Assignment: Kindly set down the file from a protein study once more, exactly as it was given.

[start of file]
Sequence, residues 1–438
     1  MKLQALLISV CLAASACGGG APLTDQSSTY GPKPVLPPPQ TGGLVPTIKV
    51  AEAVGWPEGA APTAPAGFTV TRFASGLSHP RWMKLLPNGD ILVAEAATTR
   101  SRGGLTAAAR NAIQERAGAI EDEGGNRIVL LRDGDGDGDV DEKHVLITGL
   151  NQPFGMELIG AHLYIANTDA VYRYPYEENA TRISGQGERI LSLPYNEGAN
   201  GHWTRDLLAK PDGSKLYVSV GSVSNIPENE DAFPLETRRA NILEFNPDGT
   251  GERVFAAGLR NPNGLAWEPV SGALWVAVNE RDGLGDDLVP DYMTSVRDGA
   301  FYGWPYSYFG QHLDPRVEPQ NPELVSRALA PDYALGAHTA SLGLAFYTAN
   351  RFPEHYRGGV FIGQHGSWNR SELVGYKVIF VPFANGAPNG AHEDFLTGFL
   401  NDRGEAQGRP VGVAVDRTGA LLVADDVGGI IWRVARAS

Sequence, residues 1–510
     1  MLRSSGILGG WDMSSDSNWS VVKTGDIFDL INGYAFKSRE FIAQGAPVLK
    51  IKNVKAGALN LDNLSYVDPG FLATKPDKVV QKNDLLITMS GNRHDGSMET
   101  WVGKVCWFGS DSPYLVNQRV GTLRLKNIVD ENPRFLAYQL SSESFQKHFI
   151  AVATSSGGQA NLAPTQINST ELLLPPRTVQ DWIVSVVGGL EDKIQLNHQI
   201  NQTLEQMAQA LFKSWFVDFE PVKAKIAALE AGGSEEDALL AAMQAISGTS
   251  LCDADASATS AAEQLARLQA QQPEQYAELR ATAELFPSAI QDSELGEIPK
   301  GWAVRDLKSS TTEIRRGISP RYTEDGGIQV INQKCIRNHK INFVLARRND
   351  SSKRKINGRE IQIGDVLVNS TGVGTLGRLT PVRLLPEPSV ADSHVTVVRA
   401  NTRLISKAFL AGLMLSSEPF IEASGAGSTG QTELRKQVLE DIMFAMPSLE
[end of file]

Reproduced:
Sequence, residues 1–438
     1  MKLQALLISV CLAASACGGG APLTDQSSTY GPKPVLPPPQ TGGLVPTIKV
    51  AEAVGWPEGA APTAPAGFTV TRFASGLSHP RWMKLLPNGD ILVAEAATTR
   101  SRGGLTAAAR NAIQERAGAI EDEGGNRIVL LRDGDGDGDV DEKHVLITGL
   151  NQPFGMELIG AHLYIANTDA VYRYPYEENA TRISGQGERI LSLPYNEGAN
   201  GHWTRDLLAK PDGSKLYVSV GSVSNIPENE DAFPLETRRA NILEFNPDGT
   251  GERVFAAGLR NPNGLAWEPV SGALWVAVNE RDGLGDDLVP DYMTSVRDGA
   301  FYGWPYSYFG QHLDPRVEPQ NPELVSRALA PDYALGAHTA SLGLAFYTAN
   351  RFPEHYRGGV FIGQHGSWNR SELVGYKVIF VPFANGAPNG AHEDFLTGFL
   401  NDRGEAQGRP VGVAVDRTGA LLVADDVGGI IWRVARAS

Sequence, residues 1–510
     1  MLRSSGILGG WDMSSDSNWS VVKTGDIFDL INGYAFKSRE FIAQGAPVLK
    51  IKNVKAGALN LDNLSYVDPG FLATKPDKVV QKNDLLITMS GNRHDGSMET
   101  WVGKVCWFGS DSPYLVNQRV GTLRLKNIVD ENPRFLAYQL SSESFQKHFI
   151  AVATSSGGQA NLAPTQINST ELLLPPRTVQ DWIVSVVGGL EDKIQLNHQI
   201  NQTLEQMAQA LFKSWFVDFE PVKAKIAALE AGGSEEDALL AAMQAISGTS
   251  LCDADASATS AAEQLARLQA QQPEQYAELR ATAELFPSAI QDSELGEIPK
   301  GWAVRDLKSS TTEIRRGISP RYTEDGGIQV INQKCIRNHK INFVLARRND
   351  SSKRKINGRE IQIGDVLVNS TGVGTLGRLT PVRLLPEPSV ADSHVTVVRA
   401  NTRLISKAFL AGLMLSSEPF IEASGAGSTG QTELRKQVLE DIMFAMPSLE